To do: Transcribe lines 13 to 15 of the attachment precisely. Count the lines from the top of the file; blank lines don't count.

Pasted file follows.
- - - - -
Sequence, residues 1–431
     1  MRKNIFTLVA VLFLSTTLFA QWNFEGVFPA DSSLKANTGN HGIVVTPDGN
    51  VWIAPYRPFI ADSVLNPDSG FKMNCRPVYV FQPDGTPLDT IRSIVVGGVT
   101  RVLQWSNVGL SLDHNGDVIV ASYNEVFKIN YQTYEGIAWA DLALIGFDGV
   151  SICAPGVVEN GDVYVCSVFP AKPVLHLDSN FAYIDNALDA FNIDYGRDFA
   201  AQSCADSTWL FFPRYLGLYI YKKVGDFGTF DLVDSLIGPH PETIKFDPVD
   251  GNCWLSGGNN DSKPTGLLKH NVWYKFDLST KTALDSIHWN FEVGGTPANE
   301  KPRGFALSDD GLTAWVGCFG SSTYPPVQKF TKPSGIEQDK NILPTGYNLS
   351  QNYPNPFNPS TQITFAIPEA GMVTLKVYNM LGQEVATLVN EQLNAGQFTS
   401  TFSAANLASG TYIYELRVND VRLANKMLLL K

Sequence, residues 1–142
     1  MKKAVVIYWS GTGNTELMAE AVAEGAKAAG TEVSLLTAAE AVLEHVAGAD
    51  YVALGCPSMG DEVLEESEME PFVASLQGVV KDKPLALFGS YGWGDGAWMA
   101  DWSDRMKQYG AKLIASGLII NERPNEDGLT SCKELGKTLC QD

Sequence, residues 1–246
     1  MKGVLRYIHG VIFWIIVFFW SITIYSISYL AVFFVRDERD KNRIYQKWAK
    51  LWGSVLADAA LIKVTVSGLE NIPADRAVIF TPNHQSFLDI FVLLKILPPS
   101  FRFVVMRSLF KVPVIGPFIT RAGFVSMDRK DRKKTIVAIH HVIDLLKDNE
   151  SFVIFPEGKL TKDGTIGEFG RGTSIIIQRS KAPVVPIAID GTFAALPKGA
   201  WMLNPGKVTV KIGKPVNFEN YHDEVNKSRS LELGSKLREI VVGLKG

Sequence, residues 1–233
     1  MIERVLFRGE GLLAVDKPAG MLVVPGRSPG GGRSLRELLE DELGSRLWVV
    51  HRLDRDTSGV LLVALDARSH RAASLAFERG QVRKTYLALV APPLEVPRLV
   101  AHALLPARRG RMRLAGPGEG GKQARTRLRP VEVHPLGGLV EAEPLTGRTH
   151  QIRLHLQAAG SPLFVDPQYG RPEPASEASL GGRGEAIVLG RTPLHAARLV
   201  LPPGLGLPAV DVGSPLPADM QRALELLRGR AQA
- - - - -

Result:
    51  YVALGCPSMG DEVLEESEME PFVASLQGVV KDKPLALFGS YGWGDGAWMA
   101  DWSDRMKQYG AKLIASGLII NERPNEDGLT SCKELGKTLC QD

Sequence, residues 1–246